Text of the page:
By Maddie Aitken ’19
In the beginning of the school year, students in AP Studio Art select the mediums they will work in and come up with a concentration on which they will focus. They spend all year working independently on pieces, curating a portfolio that gets sent to the College Board for grading in May, during the AP exam period. Students can choose to submit their portfolios as 2-D Design, Drawing or 3-D Design. All portfolios include a concentration section for pieces that demonstrate a student’s chosen concentration; a breadth section for pieces that showcase a student’s range of ability; and a quality section for a student’s best pieces.
In an effort to share student artwork, as well as celebrate AP students for finishing their portfolios, we have selected a few pieces from the concentration sections of the portfolios of some students in the class. We also included excerpts from their concentration statements.
Jean Fang ’19
Concentration statement: The life cycle is the central idea of my concentration…I shifted my focus to coral reef, turtles and fishes. I realized the fish are the most fascinating as they show how numbers matter – the true meaning of life cycle that I tried to deliver – as there might be hundreds of them when they are young but only less than 10 of them are going to survive through the cruelty of competition.
Julian Lopez ’19
Concentration statement: My concentration orbits around the idea of reflective objects capturing the illusion of the way light acts on the image. I intend to use this portfolio as an exploration of light using realistic textures accompanied by graphite, charcoal, paint, and colored pencil. These works focus on capturing depth and space as well as textures from rough to smooth. As Thomas Merton once said, “Art enables us to find ourselves and lose ourselves at the same time”…Initially, to achieve this study of light, texture, and depth in my drawings I choose objects which offered and the element of reflection such as I did with my drawing Key…as I moved towards the end of my study of objects and light I began to add color as well as the angle of the objects in the drawings.
Maddie Aitken ’19
Concentration statement: The central idea of my concentration is texture, both tactile and visual. I added texture to my pieces in two ways – either onto the clay with various tools before firing, or onto the finished piece with glazes after firing. I used texture to elevate my pieces beyond their basic thrown shapes, making forms distinct and unique…Although texture is typically thought of as something only experienced by touch, I consider visual texture a type of texture experienced by sight, so I included pieces with visual texture, in addition to tactile texture, in my concentration.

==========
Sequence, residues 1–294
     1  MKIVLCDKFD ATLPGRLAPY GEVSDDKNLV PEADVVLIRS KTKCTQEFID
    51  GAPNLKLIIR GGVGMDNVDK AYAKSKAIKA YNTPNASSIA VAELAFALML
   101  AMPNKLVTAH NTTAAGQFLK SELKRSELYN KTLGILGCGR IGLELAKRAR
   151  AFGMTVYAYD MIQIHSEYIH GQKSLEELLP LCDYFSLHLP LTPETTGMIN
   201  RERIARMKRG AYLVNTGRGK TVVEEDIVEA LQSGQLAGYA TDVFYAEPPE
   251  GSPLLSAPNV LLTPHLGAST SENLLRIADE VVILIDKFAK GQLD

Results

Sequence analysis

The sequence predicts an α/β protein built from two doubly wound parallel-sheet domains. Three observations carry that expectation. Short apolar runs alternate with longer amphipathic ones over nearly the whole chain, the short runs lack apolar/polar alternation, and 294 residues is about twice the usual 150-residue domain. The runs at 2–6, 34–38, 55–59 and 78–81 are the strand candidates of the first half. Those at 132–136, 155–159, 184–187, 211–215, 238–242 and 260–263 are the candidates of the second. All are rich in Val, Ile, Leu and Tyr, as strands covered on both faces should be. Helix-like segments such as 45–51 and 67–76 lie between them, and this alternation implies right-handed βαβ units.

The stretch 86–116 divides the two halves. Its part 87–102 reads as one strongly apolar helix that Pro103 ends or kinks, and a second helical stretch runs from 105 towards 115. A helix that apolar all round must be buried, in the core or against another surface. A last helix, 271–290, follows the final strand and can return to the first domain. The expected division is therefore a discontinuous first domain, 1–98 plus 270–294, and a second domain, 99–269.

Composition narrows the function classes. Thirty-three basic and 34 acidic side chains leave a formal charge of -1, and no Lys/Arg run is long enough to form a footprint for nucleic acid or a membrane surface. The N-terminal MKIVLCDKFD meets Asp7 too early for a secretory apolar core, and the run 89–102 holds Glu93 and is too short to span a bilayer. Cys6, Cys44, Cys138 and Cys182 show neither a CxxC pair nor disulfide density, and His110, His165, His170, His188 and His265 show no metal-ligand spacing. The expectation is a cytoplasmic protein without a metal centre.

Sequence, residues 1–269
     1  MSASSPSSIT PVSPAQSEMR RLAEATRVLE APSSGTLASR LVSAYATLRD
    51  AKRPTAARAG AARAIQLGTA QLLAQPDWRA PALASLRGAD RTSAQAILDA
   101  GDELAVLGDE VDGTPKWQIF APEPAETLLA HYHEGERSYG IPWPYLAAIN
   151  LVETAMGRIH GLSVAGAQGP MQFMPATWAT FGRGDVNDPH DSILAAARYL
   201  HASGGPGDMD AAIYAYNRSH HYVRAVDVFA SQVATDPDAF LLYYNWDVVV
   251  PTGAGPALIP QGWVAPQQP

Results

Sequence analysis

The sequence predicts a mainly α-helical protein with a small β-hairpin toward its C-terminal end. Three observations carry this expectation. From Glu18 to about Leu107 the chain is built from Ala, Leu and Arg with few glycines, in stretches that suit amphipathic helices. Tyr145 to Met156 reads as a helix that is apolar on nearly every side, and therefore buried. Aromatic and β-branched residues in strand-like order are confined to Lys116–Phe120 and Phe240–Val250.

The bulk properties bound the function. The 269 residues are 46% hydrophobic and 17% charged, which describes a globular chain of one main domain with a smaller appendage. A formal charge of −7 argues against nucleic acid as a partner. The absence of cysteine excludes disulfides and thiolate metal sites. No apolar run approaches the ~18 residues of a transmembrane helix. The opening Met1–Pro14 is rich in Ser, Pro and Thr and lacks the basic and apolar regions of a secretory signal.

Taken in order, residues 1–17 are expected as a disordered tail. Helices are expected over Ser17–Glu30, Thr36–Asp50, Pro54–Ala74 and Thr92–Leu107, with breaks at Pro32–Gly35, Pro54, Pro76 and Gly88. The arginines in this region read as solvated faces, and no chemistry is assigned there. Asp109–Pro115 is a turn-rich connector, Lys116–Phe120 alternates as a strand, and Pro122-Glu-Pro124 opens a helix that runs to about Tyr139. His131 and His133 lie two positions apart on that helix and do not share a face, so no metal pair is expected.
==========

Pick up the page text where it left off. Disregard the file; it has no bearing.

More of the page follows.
Anne Beatty ’19
Concentration statement: Confrontation. I began to explore my own facial features that I did not want to accept. I applied this “self-image rehab” to other aspects of the world around me that I did not feel comfortable confronting. The things that are an innate part of our existence that we avoid – are they problems, or do we just not like them?…I wanted to make art that would catch a lot of people’s attention, even those that didn’t appreciate art. I make colorful, fun portraits, and implement abstract, cartoon-like drawings representing the inevitable truths of humanity that we may not want to accept. In most of my portraits, I incorporate images of violence, the naked body, anxiety, depression, pedophilia, lying – things that have existed since the dawn of society that we may not feel comfortable confronting in everyday life.
Catie Stammen ’20
Concentration statement: The central idea of my concentration is the idea of equality despite difference. My paintings consist of a variety of different people who are all demonstrated in black and white. In a society where people are constantly judged for looking the way they do or being the way they are, I have presented my condensed painting society as the same.
Talia Zabit ’19
Concentration statement: The central idea of my concentration investigates facial structure and the relationships between color and emotion. Instead of depicting facial expressions, I use colors to illustrate different emotions. Our emotions are what make us human; they preserve our individuality. I wanted to demonstrate individuality through indifferent yet colorful facial expressions. Emotion is often overwhelming and my goal was to make the audience feel connected to and moved by my concentration pieces.
Phil Liu ’19
Concentration statement: My concentration is about the interaction between architecture and humans. Architectures are practical structures that are designed for people to live in. However, architectures can not only be changed by people who design them but also can be altered by the people who live in them…In this project, I travel around the southern part of China to record some “architectures art.”